Environmental Exports to Latin America
Madeo, David, Law and Policy in International Business
The passage of the North America Free Trade Agreement has focused attention on methods for the United States to increase its exports to its southern neighbors without also losing U.S. jobs to new competitors. The market for environmental goods and services in Latin America presents a prime opportunity for U.S. investment and trade. The Overseas Private Investment Corporation (OPIC) expects the South American market, estimated at more than $2 billion today, to expand by up to thirty percent per year over the next decade as nations privatize their energy sectors and impose strict environmental laws and enforcement mechanisms.(1) OPIC, a U.S. government agency, promotes foreign and domestic economic growth by providing insurance and financial services to U.S. firms that invest in developing nations and emerging market economies. OPIC will provide at least $1.7 billion this year in financing and political risk insurance to support U.S. investment in Latin America, up from $1.4 billion last year.(2)
OPIC's involvement in the Latin American environmental goods and services market is part of a larger effort by the Clinton administration to promote U.S. exports. In response to President Clinton's April 21 Earth Day speech, the U.S. Department of Commerce formed the Interagency Working Group on Environmental Exports. The working group found Mexico to be the most promising foreign market for environmental goods and services.(3) Technologies that are in demand in Mexico include water pollution control, water treatment, air monitoring, and environmental engineering and consultation. Canada, Southeast Asia, and Eastern Europe are also prime markets for U.S. environmental exports. The United States has "an overwhelming advantage" over other nations in environmental technology since U.S. companies have much more experience, especially with the remediation of contaminated sites.(4) In 1990 the United States had a $4 billion trade surplus in the environmental sector.(5) The annual international market for environmental goods and services is currently $270 billion and is expected to reach $600 billion by 2000.(6) Over the past several years, OPIC has assisted about fifty projects involving the export of environmental technology, generating U.S. exports of $618 million and 2300 U.S. jobs.(7)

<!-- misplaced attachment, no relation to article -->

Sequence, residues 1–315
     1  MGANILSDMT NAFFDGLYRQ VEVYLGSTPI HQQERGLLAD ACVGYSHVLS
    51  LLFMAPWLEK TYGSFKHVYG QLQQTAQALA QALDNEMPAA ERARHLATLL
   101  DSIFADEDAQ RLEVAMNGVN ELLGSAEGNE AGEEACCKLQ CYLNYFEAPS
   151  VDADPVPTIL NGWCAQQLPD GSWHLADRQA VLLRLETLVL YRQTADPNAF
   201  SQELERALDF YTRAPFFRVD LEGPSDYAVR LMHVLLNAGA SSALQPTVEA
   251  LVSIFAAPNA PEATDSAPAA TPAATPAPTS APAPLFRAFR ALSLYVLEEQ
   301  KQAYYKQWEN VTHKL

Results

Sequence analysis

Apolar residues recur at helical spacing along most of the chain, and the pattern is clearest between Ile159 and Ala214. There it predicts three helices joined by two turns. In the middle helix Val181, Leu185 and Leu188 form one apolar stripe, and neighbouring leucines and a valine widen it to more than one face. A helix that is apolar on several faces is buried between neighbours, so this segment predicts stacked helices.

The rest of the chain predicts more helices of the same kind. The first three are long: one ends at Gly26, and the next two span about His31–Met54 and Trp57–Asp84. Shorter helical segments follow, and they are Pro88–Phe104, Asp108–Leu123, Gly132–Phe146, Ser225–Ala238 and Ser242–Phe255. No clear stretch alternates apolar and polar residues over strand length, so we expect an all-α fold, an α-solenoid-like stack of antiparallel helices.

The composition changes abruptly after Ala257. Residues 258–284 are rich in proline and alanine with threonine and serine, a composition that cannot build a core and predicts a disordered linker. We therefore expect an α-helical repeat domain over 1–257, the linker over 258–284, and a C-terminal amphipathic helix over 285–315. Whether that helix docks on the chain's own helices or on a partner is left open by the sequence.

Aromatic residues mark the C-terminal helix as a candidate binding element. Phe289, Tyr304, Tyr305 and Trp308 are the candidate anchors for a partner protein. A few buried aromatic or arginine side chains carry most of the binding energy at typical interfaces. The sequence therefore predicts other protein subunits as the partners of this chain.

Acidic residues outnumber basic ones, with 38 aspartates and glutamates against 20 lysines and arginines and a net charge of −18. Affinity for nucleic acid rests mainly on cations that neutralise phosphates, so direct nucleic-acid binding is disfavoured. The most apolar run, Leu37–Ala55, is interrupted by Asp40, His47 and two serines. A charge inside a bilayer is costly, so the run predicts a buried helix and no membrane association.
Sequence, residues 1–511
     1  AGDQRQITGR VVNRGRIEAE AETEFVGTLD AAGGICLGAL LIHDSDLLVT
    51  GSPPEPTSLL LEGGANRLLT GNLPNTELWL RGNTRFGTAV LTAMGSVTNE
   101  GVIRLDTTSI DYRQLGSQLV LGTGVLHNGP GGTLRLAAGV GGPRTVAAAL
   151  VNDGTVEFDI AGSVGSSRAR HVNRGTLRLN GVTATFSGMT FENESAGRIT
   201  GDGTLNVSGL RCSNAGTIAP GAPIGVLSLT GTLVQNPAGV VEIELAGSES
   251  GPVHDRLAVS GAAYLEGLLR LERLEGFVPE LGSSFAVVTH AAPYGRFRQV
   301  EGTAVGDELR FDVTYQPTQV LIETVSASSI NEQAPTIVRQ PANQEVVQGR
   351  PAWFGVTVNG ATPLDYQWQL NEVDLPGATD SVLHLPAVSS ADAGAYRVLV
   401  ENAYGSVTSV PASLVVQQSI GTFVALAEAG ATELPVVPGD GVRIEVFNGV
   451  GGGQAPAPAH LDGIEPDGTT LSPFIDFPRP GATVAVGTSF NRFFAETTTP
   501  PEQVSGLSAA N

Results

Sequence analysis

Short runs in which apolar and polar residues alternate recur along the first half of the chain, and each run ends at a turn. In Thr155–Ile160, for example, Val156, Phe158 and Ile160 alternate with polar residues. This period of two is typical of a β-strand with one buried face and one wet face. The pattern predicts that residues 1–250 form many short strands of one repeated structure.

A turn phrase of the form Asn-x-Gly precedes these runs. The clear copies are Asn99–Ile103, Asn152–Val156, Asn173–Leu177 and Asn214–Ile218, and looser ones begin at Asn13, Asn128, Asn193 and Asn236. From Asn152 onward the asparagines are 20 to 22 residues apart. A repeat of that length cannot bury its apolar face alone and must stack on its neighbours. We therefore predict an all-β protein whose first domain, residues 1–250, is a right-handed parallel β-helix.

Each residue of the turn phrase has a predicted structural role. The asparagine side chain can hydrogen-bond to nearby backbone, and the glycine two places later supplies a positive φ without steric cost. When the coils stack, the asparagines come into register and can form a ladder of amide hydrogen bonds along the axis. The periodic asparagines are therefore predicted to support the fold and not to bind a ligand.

In August 1993, OPIC President Ruth Harkin presented the agency's three-pronged program on the environment.(8) First, OPIC will aggresivesively identify new investment opportunities for U.S. environmental firms in developing nations, the former Soviet Union, and Eastern Europe. Second, OPIC is improving its screening and monitoring of the projects it finances to ensure that they do not adversely affect the environment. Third, OPIC is seeking to develop its Environmental Investment Fund, which will be used to invest in environmentally beneficial projects worldwide.
OPIC's policies have begun to reflect the fact that Latin America accounts for forty percent of the agency's activities. Compared with much of the agency's portfolio, such as the former Soviet Union and the Gaza Strip, "this region begins to look stable," Harkin said.(9) Since OPIC expects less demand for insurance coverage but more for loan guarantees, the agency will shift emphasis from insurance toward loans. An increase in the amount of loan guarantees available per project(10) will enable OPIC to support large projects such as the Argentina-Chile gas pipeline.
OPIC is paying particular attention to the Southern Cone countries of Argentina, Brazil, and Chile, where the environmental market exceeds $1.7 billion. In November 1993, Harkin led an OPIC environmental investment mission to Buenos Aires, Sao Paulo, and Santiago. The mission included eleven U.S. companies, offering environmental services in waste water management, water purification, river dredging, solid and hazardous waste, renewable and wind energy, oil spill cleanup, and soil decontamination. …